Last week, there was a one-day 50% off sale on DDO's new expansion. There is no box to purchase or mark down, and the client is downloaded through the conventional patcher - I had it fully installed and up to date before I made the purchase. So, effectively all I was purchasing was the key for access to the expansion content. This was provided at a 50% discount not by Turbine, but rather by Steam, as their daily deal.
Turbine, perhaps understandably, did little to promote this sale to current players who do not yet own the expansion - I only found out about it when DDO Cast re-tweeted a tweet about the sale. In fairness, the expansion has been around for a few months now, so most dedicated players probably snagged it at full price. Personally, I was almost certainly going to wait for a sale anyway, so
it's not like I jumped on this instead of paying Turbine directly, though at least they would have gotten to keep the whole $25 through a sale on their own store.
Much like physical retail, the daily deal on steam does get a slot on the frontpage that all steam users see when they log in each day - I have no idea whether the studio provides Steam with a discount in exchange for this coveted placement, but it would not surprise me. Presumably, being discoverable by steam customers is the primary incentive for games going on the service in the first place, especially for online games that can generate ongoing revenue that cuts out the steam middle man.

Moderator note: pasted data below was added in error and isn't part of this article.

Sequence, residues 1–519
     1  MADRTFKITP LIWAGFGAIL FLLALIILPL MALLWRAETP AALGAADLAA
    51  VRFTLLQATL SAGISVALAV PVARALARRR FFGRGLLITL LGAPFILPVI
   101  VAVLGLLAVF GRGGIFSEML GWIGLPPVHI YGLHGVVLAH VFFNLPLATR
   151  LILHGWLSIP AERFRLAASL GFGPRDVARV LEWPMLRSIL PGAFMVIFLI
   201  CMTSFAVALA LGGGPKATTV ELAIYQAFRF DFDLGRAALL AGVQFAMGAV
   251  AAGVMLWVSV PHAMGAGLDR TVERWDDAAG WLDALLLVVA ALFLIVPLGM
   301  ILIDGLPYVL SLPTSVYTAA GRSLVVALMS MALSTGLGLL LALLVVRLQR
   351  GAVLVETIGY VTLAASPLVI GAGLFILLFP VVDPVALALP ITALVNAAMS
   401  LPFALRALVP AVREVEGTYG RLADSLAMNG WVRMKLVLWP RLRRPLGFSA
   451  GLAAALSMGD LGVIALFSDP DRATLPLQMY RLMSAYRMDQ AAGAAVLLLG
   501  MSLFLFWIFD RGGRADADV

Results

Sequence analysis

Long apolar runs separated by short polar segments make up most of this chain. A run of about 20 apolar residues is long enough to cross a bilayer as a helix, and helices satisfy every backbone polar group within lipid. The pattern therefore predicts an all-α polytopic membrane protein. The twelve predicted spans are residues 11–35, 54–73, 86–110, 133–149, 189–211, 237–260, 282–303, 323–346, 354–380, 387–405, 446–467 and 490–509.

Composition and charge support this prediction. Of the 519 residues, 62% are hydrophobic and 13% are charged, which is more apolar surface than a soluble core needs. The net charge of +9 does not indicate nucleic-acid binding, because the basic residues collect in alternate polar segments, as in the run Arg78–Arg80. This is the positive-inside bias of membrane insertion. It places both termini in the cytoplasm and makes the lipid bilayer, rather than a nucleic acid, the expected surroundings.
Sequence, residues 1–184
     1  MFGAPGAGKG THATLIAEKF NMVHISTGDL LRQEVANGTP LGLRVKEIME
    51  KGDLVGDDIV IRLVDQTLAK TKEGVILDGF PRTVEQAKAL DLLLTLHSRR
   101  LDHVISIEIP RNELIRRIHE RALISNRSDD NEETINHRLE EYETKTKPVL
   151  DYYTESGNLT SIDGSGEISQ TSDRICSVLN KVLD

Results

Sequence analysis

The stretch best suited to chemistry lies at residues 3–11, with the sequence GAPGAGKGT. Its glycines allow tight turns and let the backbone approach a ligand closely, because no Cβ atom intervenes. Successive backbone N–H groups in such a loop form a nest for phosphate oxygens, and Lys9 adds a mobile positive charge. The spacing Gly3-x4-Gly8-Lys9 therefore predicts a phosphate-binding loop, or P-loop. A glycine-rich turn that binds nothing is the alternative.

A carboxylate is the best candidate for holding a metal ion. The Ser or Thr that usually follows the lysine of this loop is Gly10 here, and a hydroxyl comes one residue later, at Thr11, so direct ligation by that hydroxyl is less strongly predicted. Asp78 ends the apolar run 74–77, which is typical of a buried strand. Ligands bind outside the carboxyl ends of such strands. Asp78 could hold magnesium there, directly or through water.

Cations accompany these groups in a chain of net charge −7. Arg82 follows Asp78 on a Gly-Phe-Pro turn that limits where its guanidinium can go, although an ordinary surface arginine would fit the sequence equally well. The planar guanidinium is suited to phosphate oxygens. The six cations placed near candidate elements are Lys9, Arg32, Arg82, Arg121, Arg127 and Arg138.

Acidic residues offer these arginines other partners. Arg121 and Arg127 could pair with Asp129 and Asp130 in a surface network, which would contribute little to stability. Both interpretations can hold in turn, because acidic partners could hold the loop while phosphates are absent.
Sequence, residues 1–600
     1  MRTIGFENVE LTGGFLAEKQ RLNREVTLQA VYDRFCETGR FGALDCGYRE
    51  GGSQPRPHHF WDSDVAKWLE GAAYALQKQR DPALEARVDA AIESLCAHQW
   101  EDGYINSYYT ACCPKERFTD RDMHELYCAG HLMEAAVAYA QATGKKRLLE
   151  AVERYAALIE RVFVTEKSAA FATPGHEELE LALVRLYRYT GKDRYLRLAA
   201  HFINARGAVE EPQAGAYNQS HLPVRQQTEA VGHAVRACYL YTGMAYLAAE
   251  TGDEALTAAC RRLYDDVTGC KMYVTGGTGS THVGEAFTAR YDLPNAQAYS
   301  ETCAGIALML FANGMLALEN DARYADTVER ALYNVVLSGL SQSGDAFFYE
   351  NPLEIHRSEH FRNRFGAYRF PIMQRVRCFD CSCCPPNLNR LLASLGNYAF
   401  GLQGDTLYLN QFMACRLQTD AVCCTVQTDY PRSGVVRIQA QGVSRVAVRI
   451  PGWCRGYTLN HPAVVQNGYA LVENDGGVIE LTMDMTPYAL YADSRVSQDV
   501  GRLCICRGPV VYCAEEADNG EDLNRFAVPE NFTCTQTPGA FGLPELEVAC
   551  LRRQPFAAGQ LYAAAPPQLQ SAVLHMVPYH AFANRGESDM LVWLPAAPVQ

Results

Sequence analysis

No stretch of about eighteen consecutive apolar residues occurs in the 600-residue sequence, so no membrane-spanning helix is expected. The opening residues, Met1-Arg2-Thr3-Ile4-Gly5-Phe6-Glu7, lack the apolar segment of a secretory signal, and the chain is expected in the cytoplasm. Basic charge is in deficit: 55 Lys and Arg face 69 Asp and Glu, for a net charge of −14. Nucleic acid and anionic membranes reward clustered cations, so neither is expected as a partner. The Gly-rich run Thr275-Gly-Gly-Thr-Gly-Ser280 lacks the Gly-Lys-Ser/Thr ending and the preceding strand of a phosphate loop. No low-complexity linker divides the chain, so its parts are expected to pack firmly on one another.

The Secret World's investor update states that increasing distribution through channels that include Steam will somehow help their current predicament. They may not be the best exemplar, but most MMO studios not named Blizzard seem to think Steam's cut is worthwhile. They can't all be wrong, can they?